Maybe global warming has affected our climate and the amount of snow we get at any one time. That is if there is such a thing as global warming. If not, how do you explain that the drifts of my childhood were always over my head. Today, they're usually knee-deep at best, maybe a few push waist deep. And how do you explain the fact that storms that once would have kept us in for days now barely keep us away from Wal-Mart for 24-hours?
I'm not going to bother looking up weather records to compare inches of snowfall this year with inches of snowfall in say 1961, when I was 7 years old. If memory serves me correctly, there have been years with big snows, and years with little snow. The winter underway now seems to be in between. But for someone now in his-mid-50's any snow after the first snow of the season is one snow too many. The first one is romantic, or at least sentimental, since it reminds you of winters in days gone by. Any snow after that is just a pain in the rear because you have to walk through it, drive in it, shovel it, plow it , and scrape it away from the barn door to get in and out without problems. Somehow I don't remember those things being problems back when I was 7, 10 or even 15 years old.
Here's my explanation for why today's snowfalls seem so much tamer than those of my youth, back on the diary farm.
First, when you're three or four feet tall and look straight on at a snowdrift that's four or five feet tall, it seems like a mountain. When you're six feet tall, a three-foot drift is just a pudgy little annoyance you have to walk through without getting your feet inside your boots soaked. Since I still keep boots until they crack or need patching, a habit I picked up from mom in the '60's when times were tough on a small family dairy farm, the depth of the snow drift doesn't necessarily explain why my feet are wet and cold all the time.
Second, it's hard to have snow drifts 'as tall as the fences' when there aren't any fences left. Yes, I remember some that high, but if I really think about it, I think it was after the road was plowed, and all the snow directed toward the fence.
Third, I recall being able to walk on top of the drifts in the old days. They surely had to be so bigger and stouter then. The fact that I weighed 80 pounds soaking wet then and 275 pounds in my underwear today surely couldn't have anything to do with it.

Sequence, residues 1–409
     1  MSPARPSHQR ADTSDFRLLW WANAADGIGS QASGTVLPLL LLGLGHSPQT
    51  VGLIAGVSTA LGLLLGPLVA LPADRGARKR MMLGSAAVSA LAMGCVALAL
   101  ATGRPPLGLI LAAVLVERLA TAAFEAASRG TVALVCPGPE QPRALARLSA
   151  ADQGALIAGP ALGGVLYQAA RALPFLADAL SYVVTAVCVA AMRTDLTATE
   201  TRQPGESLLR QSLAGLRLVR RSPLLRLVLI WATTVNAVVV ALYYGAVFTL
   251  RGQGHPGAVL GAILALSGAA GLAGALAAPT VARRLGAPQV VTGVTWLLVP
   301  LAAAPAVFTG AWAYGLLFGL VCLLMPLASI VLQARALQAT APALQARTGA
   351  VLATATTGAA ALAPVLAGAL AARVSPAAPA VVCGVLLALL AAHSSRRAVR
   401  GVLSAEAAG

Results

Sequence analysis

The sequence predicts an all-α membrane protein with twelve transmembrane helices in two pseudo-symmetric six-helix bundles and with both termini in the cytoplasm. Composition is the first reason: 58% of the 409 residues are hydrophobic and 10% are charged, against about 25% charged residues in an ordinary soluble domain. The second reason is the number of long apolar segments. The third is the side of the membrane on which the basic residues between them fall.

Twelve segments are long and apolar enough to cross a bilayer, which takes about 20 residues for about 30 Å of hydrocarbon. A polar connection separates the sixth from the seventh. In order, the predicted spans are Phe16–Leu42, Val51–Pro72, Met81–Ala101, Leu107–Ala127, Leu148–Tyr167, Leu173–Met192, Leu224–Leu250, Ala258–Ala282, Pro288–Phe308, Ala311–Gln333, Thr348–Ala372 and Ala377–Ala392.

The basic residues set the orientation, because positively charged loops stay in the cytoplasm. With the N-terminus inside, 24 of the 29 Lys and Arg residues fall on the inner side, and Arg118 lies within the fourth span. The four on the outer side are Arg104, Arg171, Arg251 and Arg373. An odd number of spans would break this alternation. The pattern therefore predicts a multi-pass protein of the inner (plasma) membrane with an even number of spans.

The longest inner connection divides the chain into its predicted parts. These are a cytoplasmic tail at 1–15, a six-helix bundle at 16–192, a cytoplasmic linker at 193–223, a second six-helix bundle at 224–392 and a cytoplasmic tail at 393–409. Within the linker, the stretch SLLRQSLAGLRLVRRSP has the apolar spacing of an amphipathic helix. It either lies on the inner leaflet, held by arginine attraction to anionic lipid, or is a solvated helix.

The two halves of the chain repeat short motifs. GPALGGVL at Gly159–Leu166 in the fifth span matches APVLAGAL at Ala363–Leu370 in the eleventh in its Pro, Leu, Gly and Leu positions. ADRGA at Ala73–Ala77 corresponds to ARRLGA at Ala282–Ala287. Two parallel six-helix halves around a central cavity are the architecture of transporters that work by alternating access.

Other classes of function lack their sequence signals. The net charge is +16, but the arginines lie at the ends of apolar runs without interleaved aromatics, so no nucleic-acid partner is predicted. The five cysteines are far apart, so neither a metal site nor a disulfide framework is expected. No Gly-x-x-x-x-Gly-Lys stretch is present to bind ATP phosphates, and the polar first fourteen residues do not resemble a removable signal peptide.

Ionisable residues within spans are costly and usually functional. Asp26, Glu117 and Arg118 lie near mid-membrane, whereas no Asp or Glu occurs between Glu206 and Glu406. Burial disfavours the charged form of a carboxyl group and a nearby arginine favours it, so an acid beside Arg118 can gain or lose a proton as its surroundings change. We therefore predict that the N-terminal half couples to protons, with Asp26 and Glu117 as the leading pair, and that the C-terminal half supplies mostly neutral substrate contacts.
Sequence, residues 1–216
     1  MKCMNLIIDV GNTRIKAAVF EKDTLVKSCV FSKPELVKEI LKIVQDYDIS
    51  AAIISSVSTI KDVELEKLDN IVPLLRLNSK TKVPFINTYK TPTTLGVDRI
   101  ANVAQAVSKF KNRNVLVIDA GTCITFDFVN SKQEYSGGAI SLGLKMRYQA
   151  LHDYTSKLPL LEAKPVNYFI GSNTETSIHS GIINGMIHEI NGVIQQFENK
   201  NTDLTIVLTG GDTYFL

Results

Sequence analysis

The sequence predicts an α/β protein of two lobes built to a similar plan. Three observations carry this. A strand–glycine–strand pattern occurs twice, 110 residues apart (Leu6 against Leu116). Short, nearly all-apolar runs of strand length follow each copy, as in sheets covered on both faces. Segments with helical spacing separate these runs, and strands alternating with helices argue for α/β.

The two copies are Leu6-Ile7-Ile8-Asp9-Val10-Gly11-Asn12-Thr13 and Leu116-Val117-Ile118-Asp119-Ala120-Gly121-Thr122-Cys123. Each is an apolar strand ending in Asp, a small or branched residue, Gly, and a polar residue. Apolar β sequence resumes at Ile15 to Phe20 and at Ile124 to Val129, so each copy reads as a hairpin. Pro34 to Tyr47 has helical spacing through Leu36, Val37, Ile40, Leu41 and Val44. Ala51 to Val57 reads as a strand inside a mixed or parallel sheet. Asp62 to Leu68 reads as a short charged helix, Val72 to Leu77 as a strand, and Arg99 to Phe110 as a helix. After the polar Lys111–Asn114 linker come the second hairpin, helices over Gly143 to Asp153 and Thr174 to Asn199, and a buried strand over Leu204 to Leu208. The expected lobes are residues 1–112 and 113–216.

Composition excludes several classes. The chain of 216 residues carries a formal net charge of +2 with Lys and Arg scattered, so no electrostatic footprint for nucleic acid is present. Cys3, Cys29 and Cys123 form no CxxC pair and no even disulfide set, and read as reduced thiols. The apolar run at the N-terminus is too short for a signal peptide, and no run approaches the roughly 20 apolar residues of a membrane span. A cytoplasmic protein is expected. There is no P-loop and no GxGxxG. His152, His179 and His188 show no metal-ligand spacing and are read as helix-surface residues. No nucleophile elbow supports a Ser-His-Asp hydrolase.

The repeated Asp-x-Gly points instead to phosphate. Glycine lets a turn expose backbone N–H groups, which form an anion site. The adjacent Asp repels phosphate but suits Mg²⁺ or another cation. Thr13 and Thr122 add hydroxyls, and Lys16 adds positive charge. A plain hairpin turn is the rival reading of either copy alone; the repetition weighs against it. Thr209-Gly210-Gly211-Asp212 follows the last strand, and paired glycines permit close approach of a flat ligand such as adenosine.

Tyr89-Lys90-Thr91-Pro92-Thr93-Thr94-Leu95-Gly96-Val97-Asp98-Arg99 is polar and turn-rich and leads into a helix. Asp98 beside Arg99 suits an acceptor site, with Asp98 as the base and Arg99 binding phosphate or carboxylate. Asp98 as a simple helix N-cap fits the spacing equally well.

Fourth, the county had a few grungy little trucks with snow plows then. Today they've got considerably more, and they're bigger, more powerful and carry bigger snowplows. I used to hate to see a snowplow come down the road, because I figured it meant we were going to school the next day. Today, I hate it when one doesn't come down the road. How else am I going to get out for my Wal-Mart fix?
Fifth, there were wide open spaces back then. We didn't exactly live on the prairie, but with few houses around, there was less to block the wind. Snow picked up steam blowing across the fields, then piled up at fences or ditches or around other places, wherever it meant resistance. With so much more development in our county today, there's less open spaces where snow can build up steam and blow off in one direction.
Finally, and this certainly can't be a factor, maybe the drifts weren't quite as high in my youth as I recall them in my memory today. Snow was exciting, and I captured every moment in my mind's eye. We would go sledding, throw snowballs, even build snow forts. Everything was as big as life.
Today, I cringe and mutter as I scrape snow off windshields. My wife isn't thrilled if I slam the back door too hard while cleaning with the front door open, and snow splatters over the front seat. Back in the 'day' we came in wet, soaked form snow, and never thought a thing about it. Today we don't want to sit on wet or cold seats.
So what's really changed? Is it the weather? Is it other changes in the surroundings? Or is it just me and my memory? I'll let you decide.